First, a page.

Reverend Al Miller betrayed
THE EDITOR, Sir:
The worst that should have happened to Fellowship Tabernacle pastor Al Miller following his conviction for attempting to pervert the course of justice is that he should have been admonished and discharged. Though he was spared being sent to prison, he should not have even been fined.
This long-held view has been reinforced in my mind by post-trial comments from Al Miller's attorney, Jacqueline Samuels-Brown, and Herro Blair, former political ombudsman, on Nationwide FM's 5 p.m. news package Thursday.
The attorney criticised former Police Commissioner Owen Ellington for refusing to testify at the trial despite having information that would have been helpful to the defence. Bishop Blair said he was "incensed" at the outcome, knowing, as he did, that Dudus was found in a car driven by Al Miller, because the pastor was responding, in good faith, to a request, purportedly from the police hierarchy for assistance in getting Dudus to turn himself in to the Jamaican police or to the US authorities.
COULD HAVE BEEN BLAIR
What's more, he said, the assistant police commissioner at the time was also fully aware of the arrangement in which Blair had also been asked to participate, and which could easily have resulted in his being exposed and charged, as Al Miller was.
He expressed the view that Al Miller had been "betrayed" by the former police commissioner.
In light of the above, one is inclined to question even the hitherto apparently 'not unreasonable', hard-line position taken by the judge that Al Miller was being "less than forthright" (during the trial) and that he was, at least technically, legally, and/or circumstantially "GUILTY as charged".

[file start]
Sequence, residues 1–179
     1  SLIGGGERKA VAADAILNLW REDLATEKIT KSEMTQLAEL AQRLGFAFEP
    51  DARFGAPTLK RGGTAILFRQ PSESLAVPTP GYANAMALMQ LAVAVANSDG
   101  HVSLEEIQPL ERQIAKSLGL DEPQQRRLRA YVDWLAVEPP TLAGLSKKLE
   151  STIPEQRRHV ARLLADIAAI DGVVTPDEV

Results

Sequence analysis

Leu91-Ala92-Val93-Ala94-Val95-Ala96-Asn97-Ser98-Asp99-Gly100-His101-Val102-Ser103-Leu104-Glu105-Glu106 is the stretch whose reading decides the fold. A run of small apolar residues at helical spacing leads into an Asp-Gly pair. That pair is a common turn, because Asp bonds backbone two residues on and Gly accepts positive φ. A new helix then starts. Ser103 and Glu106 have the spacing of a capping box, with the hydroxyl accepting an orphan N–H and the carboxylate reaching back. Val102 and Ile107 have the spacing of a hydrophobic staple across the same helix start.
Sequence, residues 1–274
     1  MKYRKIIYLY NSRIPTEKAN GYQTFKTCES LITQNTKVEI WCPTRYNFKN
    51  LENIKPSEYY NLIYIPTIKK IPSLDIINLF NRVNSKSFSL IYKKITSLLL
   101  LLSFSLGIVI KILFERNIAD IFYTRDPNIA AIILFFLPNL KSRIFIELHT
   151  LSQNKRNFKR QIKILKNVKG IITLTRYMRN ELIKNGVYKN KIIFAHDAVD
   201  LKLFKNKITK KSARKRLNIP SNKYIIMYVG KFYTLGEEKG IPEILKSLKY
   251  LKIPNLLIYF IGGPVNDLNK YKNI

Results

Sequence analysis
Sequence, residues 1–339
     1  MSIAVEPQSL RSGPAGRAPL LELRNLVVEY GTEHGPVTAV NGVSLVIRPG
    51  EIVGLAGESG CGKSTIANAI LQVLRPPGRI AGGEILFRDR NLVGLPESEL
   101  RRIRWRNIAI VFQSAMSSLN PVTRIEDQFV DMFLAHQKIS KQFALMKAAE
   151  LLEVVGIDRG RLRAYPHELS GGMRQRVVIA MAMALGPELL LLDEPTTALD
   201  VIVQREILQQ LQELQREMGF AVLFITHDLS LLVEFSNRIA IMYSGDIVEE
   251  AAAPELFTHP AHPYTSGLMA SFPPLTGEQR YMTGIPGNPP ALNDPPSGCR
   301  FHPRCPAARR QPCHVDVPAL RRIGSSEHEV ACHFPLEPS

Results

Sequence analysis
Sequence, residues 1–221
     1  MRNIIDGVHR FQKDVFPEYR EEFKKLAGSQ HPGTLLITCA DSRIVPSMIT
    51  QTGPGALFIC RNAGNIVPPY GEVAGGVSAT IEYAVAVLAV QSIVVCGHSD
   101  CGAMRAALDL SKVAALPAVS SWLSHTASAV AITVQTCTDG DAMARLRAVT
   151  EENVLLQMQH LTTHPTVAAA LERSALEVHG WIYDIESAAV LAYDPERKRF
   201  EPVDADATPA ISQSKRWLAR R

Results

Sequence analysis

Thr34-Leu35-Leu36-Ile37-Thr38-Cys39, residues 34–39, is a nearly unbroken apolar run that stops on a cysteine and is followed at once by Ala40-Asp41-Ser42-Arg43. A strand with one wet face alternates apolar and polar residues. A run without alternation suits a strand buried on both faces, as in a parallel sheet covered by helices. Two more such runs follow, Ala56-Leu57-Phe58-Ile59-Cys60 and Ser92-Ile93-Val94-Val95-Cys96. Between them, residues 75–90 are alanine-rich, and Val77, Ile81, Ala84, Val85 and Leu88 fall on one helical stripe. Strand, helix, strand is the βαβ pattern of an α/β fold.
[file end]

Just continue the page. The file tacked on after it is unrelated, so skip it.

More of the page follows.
And with Nationwide reporting Owen Ellington's continued refusal to comment on these revelations by Al Miller and by Herro Blair, other questions now come to mind, like what's the true story behind the former commissioner's sudden resignation and virtual disappearance from public view/access?
When all the facts are reviewed and objectively considered, it may very well be that Al Miller should not only be "admonished and discharged". At worst, it may be that he should actually be pardoned and honoured, nationally, for being a catalyst, at least, in perverting the course of injustice.
If the society and the authorities fail to do justice in this case, for fear of partisan accusations (again) of "defending, or pursuing justice (only) for special people" - as the Bruce Golding administration was accused of doing for Dudus - we should NOT be surprised if the fear, suspicion and perception of endemic INJUSTICE continue to make accused or suspected felons unwilling to voluntarily surrender to local judicial authorities, directly.
Despite self-righteous calls for Rev Miller to resign as leader of Fellowship Tabernacle and mealy-mouthed protestations of concern for technical/legal/moral high ground, we should also not be surprised if, even with increasing demand for pastoral intervention to assist the police and minimise judicial murder and mayhem, there is either a severe shortage or total absence of pastors, clergymen, et al, willing to take the risk.